The war in Texas; a review of facts and circumstances, showing that this contest is a crusade against Mexico, set on foot by slaveholders, land speculators, & c. in order to re-establish, extend, and perpetuate the system of slavery and the slave trade. Page: 42 of 64
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THE WAR IN TEXAS.
valent spirit, to substitute the present dispositions of number of troops, the same quantity of arms, ammua
supposed majority, right or wrong, for the estab- nition, and yet, Mr. them all, by the laws of nature, for, by nature's law,
Read, as Prosecuting ! ttorney, would laugh at a man is at peace with man, till some, aggression is
defence predicated upon such definitions. Who committed, which, by the same law authorizes one
would not ? and what is the distinction between the to destroy another, as his enemy. For our citizens,
eases? then, to commit murders and depredations on the
Is it an offence against any known law, thus to members of nations at peace with us, or to combine
furnish men and arms to aid Texas in her war with to do it, appeared to the executive, and to those
Mexico? Let Texas and Mexico be regarded as whom they consulted, as much against the laws of
equally independent States, engaged in war with the land as to murder or rob, or combine to murder or
each other. the United States is neutral in this war. rob, its own citizens-and as much to require punishAs
a neutral, what are her duties, as one of the com- ment, as if done within their limits, or on the high
munity of nations. Independent of the law of Con- seas, where they have a territoriaf jurisdiction, that
gress, which will be given in its place. the law of is to say, one which reaches their own citizens only
nations defines the duty of the United States in her -thi being an appropriate part of each nation on an
present position. What this law of nations requires, element where all have a common jurisdiction. So
is thus pointed out by Mr. Jefferson, when Secretary say our laws as we understand them ourselves."
of 'State, in a letter to the French Minister Genet, of [State Papers, vol. 1, p. 91, and this had been very maturely inquired into, have acted with him? Let them recollect from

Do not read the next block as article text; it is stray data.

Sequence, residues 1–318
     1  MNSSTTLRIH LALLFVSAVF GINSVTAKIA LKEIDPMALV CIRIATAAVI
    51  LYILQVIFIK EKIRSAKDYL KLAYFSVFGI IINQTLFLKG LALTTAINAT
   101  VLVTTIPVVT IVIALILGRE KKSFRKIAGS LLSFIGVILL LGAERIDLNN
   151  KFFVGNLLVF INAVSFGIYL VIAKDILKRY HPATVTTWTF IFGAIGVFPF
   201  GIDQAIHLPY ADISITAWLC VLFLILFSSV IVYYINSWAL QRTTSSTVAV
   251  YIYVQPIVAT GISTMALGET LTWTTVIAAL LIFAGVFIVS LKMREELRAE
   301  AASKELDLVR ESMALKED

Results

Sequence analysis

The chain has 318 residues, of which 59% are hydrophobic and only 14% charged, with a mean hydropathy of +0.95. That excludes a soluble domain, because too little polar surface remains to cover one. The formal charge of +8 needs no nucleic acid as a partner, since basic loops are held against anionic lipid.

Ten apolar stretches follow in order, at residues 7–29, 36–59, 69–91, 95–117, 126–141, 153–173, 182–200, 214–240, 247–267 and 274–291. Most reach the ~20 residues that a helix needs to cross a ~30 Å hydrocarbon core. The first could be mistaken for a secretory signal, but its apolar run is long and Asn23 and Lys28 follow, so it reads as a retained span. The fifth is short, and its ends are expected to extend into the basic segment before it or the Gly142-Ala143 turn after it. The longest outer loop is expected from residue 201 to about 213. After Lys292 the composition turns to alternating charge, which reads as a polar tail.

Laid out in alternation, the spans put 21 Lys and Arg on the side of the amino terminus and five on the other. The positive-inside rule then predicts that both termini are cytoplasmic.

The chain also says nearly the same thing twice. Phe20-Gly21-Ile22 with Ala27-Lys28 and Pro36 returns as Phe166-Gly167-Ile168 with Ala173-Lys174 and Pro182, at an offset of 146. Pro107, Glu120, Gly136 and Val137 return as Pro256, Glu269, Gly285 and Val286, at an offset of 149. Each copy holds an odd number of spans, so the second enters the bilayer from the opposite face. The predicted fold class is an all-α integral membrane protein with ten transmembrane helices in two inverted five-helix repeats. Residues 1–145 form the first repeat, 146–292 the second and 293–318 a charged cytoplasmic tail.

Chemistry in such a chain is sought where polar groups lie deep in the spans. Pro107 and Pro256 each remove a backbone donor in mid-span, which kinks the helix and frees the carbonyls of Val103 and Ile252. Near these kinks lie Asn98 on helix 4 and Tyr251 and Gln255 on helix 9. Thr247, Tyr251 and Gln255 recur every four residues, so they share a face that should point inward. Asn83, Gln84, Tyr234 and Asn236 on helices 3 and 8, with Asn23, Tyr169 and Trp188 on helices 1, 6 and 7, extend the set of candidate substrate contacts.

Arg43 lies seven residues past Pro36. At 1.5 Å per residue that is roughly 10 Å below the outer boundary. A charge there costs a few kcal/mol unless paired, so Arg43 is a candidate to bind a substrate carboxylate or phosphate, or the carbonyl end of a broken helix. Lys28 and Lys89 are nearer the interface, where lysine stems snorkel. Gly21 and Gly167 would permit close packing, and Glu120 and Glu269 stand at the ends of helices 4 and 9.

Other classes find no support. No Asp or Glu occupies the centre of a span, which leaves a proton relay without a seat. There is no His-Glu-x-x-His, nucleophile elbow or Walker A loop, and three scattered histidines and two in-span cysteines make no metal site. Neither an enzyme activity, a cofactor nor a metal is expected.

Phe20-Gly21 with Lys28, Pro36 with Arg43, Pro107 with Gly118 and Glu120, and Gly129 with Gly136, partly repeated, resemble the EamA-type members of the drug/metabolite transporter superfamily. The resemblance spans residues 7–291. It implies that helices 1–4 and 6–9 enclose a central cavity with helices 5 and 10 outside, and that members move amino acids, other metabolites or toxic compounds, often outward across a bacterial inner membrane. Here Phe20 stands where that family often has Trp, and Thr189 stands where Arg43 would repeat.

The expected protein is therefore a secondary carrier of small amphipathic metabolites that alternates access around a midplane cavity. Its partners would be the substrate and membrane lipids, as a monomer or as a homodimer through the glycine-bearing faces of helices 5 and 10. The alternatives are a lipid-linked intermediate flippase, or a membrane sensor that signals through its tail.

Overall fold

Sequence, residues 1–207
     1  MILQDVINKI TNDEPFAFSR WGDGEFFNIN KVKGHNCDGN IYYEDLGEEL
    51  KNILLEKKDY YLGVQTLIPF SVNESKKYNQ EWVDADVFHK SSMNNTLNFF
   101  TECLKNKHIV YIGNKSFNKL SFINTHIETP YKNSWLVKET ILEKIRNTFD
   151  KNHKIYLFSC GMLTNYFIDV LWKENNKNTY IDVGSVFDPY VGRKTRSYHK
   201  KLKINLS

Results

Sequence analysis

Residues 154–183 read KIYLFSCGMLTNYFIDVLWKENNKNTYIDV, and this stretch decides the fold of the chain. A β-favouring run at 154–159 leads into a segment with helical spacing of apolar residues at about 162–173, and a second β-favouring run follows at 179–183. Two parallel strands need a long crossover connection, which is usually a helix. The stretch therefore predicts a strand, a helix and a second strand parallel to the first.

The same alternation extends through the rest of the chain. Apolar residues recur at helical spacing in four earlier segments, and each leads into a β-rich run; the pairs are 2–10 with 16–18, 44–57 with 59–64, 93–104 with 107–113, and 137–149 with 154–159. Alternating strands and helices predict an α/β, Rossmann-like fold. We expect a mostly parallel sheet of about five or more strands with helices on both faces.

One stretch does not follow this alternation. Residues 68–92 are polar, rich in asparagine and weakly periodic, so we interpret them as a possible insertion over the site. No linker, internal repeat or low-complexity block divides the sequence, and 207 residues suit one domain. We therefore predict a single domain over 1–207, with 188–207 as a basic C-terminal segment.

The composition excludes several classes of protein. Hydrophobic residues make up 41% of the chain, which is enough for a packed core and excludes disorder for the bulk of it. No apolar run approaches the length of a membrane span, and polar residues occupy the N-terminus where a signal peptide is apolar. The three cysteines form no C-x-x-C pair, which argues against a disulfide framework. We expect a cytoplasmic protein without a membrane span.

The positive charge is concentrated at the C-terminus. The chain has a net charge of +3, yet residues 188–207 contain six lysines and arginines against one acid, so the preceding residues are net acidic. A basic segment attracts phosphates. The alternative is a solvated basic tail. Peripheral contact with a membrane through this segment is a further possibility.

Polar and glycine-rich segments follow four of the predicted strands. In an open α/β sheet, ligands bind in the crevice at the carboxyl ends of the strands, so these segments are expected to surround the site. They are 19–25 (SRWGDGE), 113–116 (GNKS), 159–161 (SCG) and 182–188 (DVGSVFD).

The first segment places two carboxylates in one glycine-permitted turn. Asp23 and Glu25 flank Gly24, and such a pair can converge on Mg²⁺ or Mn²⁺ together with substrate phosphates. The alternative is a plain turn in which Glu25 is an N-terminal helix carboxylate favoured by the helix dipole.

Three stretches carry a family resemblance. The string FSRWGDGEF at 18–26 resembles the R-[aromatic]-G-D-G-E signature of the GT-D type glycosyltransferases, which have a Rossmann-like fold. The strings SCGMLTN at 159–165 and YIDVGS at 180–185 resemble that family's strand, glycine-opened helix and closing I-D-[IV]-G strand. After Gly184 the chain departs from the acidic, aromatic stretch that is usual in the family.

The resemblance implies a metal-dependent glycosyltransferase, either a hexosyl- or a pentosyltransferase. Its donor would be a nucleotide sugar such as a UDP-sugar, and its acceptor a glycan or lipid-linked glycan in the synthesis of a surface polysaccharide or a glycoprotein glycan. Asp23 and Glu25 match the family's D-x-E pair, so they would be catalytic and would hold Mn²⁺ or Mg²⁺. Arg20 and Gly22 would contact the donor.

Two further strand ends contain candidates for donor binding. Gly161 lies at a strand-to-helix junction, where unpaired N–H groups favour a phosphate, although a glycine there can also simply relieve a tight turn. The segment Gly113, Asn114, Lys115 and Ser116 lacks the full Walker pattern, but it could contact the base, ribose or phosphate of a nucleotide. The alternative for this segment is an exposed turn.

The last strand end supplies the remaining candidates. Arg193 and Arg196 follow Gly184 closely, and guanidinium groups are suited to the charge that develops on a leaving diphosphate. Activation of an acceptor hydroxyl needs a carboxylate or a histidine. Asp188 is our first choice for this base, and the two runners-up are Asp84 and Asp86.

before it was adopted as a principle of conduct. But whence and from whom the definition comes:-it is
we will not assume the exclusive right of saying w hat not mere editorial vituperation. Congress, however,
that law and usage is. Let us appeal to enlightened has not treated these doings as of a grade of crime
and disinterested judges. None is more so than equal to robbery or murder-it has constituted them
Vattel. He says, 1.3, s. 104, 'as long as a neuter misdemeanors. The act of April 20, 1818, sections
nation wishes to enjoy this situation with certainty, one, two, and six, provides:
it ought to show, in every thing, an exact impartiality 1. Be it enacted, 84c. That if any citizen of the
between those who are at war. For if it favored the United States shall, within the territory orjurisdiction
one, to the prejudice of the other, it cannot complain thereof, accept and exercise a commission to serve a
when that other shall treat it as an adherent and as- foreign prince, state, colony, district, or people, in
sociate of its enemy- Its neutrality would be a war, by land or by sea, against any prince, state,
fraudulent one, of which none would be the dupe. colony, district, or people, with whom the United.
Let us see then wherein consists that impartiality States are at peace, the person so offending shall be
which a neutral people ought to observe deemed guilty of a high misdemeanor, and shall be
" It regards war only, and comprehends two thihgs. fined not more than two thousand dollars, and shall
1st. To give no succour when not obliged thereto; be imprisoned not exceeding three years.
not te furnish, freely, either troops, arms, ammtni- 2. That if any person shall, within the territory
tion, or any thing which directly serves for war. I or jurisdiction of the United States, enlist or enter
say, to give no succour, and not to give it equaly; for himself, or hire or retain another person to enlist or
it would be absurd in a state to succour two enemies enter himself, or to go beyond the limits or jurisdicat
the same lime. And besides, it would be impossible tion of the United States with intent to be enlisted
to do it with equality; the same things, the same or'entered in the service of any foreign prince, state,
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Lundy, Benjamin. The war in Texas; a review of facts and circumstances, showing that this contest is a crusade against Mexico, set on foot by slaveholders, land speculators, & c. in order to re-establish, extend, and perpetuate the system of slavery and the slave trade., book, 1837; Philadelphia. (texashistory.unt.edu/ark:/67531/metapth2414/m1/42/: accessed July 27, 2017), University of North Texas Libraries, The Portal to Texas History, texashistory.unt.edu; .